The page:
On December 4th, the Compliance Advisor Ombudsman (CAO) – the independent accountability mechanism for the private-sector lending arm of the World Bank Group – announced its decision to audit the International Financial Corporation’s (IFC) investment in Ficohsa, Honduras’ third largest bank.
In April 2012, the CAO had triggered an audit of Corporación Dinant in response to allegations that private and public security forces under Dinant’s control or influence used violence against farmers on and around Dinant plantations.
The results of the Dinant audit have been delivered to World Bank President Jim Kim, but have yet to be made public. While reviewing the IFC’s direct investment in Dinant, the CAO uncovered that IFC had also made indirect investments in Dinant through Ficohsa.
- 2008: IFC begins investment in Ficohsa
- 2009: IFC begins investment in Dinant
- 2010: Conflict and allegations surrounding Dinant’s involvement in fomenting violence in the Aguan Valley become public
- January 2011: President of the IFC sends a letter to Honduran President Pepe Lobo regarding the situation at Dinant
- May 2011: IFC makes $70 million investment in FICOHSA, despite its knowledge of Dinant being its biggest borrower and the deteriorating situation surrounding Dinant on the ground
This is not the first time that financial intermediaries, such as Ficohsa, have come under close scrutiny. In February this year, the CAO published a study demonstrating that more than 40% of the IFC’s total lending is invested in financial intermediaries for which it “knows very little” about the environmental or social impacts. The appraisal of the IFC’s investment in Ficohsa shows that even when the IFC does know the risks, it turns a blind eye to the impacts of its lending.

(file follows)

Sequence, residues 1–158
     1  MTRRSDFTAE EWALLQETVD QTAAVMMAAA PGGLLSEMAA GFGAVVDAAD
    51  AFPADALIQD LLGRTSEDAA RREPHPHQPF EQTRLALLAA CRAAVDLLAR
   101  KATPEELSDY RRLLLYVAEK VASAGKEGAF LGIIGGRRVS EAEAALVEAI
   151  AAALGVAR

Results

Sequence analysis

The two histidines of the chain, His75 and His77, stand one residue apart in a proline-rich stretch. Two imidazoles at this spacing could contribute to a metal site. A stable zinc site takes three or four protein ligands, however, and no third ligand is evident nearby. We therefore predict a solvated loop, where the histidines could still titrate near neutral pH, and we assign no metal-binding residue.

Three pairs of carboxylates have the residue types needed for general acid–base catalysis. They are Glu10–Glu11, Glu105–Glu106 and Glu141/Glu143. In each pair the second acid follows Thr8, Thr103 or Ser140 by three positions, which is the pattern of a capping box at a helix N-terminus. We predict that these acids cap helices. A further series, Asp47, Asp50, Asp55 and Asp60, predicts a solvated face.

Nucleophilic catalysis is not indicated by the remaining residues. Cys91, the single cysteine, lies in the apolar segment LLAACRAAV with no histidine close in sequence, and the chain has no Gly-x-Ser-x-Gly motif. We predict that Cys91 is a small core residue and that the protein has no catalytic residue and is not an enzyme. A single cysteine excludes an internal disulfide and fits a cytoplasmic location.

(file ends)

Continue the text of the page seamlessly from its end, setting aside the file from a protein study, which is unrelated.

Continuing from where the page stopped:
Consider this: IFC knew that Ficohsa was financing Dinant, it knew that Dinant was trouble, and yet it continued to invest in Ficohsa. It’s time for the IFC to engage constructively with the CAO as they undertake the audit and issue a response that is proportionate to the findings.
The Dinant project has also been targeted by public interest groups because its Aguan biogas recovery project was registered in 2011 under the Clean Development Mechanism (CDM), a United Nations carbon offsetting scheme. The CDM Executive Board had argued that it had no mandate to address the issue of human rights and that this is the role of the host country. Currently, the UN does not have a process that allows communities to seek recourse for the harms associated with CDM projects, or a process to de-register projects where there are human rights violations as in the case of the Aguan biogas project.Tweet
Originally posted on December 19, 2013.